Honor Awards: North Carolina Hygienist Directs Dental Clinic Serving Underserved Adults

Sommer Wisher, RDH, BS

An executive director of an agency providing dental care to uninsured adults in North Carolina is one of three recipients of the 2021 Today’s RDH Honor Awards. Sommer Wisher, RDH, BS, leads the Wake Smiles Program in Raleigh, the county seat.

Karyn Bragman, RDH, BS, nominated Wisher. She wrote, “Wake Smiles is the only dental clinic in Wake County that focuses on serving uninsured adults who live under the federal poverty guidelines. Sommer’s passion for helping this underserved population in our area is evident in the way she works with her staff, local dentists and specialists, fellow hygienists, and with volunteers. She raises awareness and access to care for the people who need it most and do not have the means to meet their own needs.”

Wisher volunteered at Wake Smiles long before becoming a dental hygienist. After obtaining her license, she resumed volunteering and “was recruited by my predecessor to take her job as executive director.”

She added, “I believe my skill set, knowledge of dentistry, and deep passion for service led her to believe I was the perfect fit for the job, and I am so thankful she asked!”

When asked what the most time-consuming aspect of her job was, Wisher replied, “Fundraising.”

“I wear many hats at Wake Smiles,” she said. “But with a budget of over $350,000, I am constantly needing to raise funds in order to continue to do the work we do. That is also my favorite part of my job! It isn’t hard to ask people for money when the work you do matters.”

Wake Smiles was founded in 2001 and serves “thousands of uninsured adults in Wake County,” according to the dental clinic’s website. The dentists who started the clinic focused on treating adults who are 200% under the federal poverty guidelines. Many patients are referred by Safety Net Partners, and the clinic also accepts referrals from local homeless shelters and substance abuse recovery programs.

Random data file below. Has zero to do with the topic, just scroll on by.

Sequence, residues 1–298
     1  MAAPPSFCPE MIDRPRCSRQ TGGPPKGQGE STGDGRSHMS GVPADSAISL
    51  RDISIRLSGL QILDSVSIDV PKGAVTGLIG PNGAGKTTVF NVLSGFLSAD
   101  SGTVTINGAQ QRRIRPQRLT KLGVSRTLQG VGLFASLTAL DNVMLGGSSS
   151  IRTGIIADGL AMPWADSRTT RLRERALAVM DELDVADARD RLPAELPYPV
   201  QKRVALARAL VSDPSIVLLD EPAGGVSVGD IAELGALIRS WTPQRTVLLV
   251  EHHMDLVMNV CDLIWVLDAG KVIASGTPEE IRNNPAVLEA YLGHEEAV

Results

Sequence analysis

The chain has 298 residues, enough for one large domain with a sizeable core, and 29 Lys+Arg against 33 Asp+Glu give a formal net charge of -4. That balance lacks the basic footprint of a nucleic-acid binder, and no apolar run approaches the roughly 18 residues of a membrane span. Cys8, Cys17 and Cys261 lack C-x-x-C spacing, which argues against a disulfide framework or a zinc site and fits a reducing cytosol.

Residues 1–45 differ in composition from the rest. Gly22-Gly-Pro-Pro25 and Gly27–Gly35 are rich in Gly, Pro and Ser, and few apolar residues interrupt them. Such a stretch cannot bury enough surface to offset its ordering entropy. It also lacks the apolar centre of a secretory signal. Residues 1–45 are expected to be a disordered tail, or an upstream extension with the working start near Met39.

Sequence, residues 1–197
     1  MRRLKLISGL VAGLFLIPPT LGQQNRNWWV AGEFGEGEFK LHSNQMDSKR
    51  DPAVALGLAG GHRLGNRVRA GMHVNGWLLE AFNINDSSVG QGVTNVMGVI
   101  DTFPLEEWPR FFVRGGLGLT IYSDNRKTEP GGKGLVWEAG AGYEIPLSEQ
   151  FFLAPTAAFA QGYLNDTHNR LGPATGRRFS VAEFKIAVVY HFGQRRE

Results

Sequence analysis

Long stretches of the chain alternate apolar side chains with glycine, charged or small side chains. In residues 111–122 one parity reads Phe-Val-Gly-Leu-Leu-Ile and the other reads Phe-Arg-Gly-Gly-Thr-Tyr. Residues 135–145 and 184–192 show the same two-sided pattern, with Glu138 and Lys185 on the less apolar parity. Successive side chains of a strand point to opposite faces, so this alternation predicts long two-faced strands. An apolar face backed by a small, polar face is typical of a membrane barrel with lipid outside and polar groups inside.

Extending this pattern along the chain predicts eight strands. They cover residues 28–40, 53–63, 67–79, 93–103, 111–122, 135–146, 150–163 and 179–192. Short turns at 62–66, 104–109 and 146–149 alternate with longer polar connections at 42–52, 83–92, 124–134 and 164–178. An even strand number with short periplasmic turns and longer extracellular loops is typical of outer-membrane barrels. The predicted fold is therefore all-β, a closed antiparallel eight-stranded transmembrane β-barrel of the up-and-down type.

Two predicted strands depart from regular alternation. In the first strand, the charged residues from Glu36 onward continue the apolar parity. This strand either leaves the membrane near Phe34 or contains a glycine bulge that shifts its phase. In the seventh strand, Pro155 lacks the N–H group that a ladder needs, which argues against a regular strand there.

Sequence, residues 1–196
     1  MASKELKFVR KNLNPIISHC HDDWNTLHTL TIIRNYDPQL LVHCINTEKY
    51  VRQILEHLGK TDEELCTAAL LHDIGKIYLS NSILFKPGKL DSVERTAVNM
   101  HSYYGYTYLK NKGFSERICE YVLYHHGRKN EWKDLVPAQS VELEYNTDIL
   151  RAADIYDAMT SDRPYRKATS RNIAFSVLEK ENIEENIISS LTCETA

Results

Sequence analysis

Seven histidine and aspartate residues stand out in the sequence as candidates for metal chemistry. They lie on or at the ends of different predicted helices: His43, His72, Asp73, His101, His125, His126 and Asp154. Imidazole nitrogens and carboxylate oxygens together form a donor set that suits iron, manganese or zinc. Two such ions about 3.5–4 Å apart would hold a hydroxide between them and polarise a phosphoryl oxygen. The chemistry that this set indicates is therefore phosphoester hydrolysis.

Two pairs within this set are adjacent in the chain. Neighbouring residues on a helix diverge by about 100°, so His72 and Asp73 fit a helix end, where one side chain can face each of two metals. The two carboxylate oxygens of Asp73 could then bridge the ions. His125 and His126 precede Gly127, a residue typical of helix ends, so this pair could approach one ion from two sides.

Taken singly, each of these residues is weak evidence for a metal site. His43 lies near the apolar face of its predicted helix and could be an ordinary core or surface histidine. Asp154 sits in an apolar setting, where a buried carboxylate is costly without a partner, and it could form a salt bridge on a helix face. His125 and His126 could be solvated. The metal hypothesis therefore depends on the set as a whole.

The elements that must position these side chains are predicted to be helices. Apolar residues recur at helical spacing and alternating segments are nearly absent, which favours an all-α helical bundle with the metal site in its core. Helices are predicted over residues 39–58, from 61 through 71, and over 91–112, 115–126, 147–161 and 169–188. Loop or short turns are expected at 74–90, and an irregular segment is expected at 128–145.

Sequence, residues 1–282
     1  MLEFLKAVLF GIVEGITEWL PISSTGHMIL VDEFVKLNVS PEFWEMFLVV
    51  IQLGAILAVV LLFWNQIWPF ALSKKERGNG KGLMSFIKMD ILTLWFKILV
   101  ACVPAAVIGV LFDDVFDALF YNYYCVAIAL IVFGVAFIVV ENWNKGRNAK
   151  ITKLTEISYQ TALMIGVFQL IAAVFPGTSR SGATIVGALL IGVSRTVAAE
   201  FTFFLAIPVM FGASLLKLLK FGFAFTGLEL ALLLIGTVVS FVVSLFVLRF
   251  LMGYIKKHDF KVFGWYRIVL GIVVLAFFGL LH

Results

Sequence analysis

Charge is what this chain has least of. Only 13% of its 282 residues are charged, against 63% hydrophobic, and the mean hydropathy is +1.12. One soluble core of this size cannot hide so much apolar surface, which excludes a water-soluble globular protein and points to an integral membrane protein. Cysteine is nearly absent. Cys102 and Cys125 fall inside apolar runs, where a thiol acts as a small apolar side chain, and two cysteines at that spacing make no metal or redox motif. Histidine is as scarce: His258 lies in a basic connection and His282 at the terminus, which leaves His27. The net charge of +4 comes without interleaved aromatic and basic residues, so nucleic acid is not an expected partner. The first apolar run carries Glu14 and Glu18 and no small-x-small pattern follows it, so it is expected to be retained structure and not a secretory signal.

Wisher said the volunteer dental professionals at the clinic “already give so much.”

“Dentists, hygienists, and assistants work really hard during the week, and they are tired,” she said of her greatest challenge in asking her peers to do more. “It is hard to leave work and head into Wake Smiles, only to garb up in more PPE and see more patients after a long workweek.”

UNC dental and dental hygiene students serving at Wake Smiles DYOR Clinic. A clinic Wake Smiles runs monthly for refugees in honor of three Muslim students who lost their lives in 2015, one of which was a dental student at UNC.

Wisher is actively involved in recruiting dental professionals for Wake Smiles. North Carolina hygienists practice under direct supervision, which can limit the volunteer opportunities for hygienists. Wake Smiles schedules patients and ensures continuity of care. The clinic has four operatories. Wisher is directly involved with the clinic’s Systemic Oral Health Improvement Program.

Sommer Wisher treating her son.

The COVID-19 pandemic did impact Wake Smiles. “We were shut down for three months, but that allowed us to implement teledentistry, and it gave dentists who did stay open the opportunity to serve in their offices to see our dental emergencies.”

She said referrals to Wake Smiles have increased during the pandemic, and the clinic averages 40 calls a day related to needed dental care.

“Loss of work, insurance, etc., has led many people to us,” she said. “Stress from COVID has increased the lack of great systemic health and has impacted oral health. We are seeing so many people with uncontrolled chronic illnesses.”

Wisher began her career in faith-based services, working for two churches and a nonprofit ministry organization. She said she had always considered dentistry as a career and was torn by choosing between social work and the dental profession.

“The deciding factor for me to pursue dentistry came when a client came in seeking help at the nonprofit I worked at because he had a huge dental infection,” she said. “His face was about doubled in size. We had nowhere to send him. I sat at my desk. I knew in my heart I wanted to help this man. I looked at my hands and knew I was capable, but I needed the education. I put in my notice a month later and went to school.”

She obtained her dental hygiene degree from the University of North Carolina, Adam’s School of Dentistry, in 2016. She later joined the adjunct clinical faculty staff at the university. She also worked at two Raleigh-area dental practices before joining Wake Smiles.

As for her future, Wisher is starting a podcast called “Flossed” in January 2022, and she said she hopes to “continue to raise my two beautiful children in a world where they know that we need to love others, give generously, and fight for what is right!”

Wisher believes that dental hygiene can be made fun while making a life impact on those around her.

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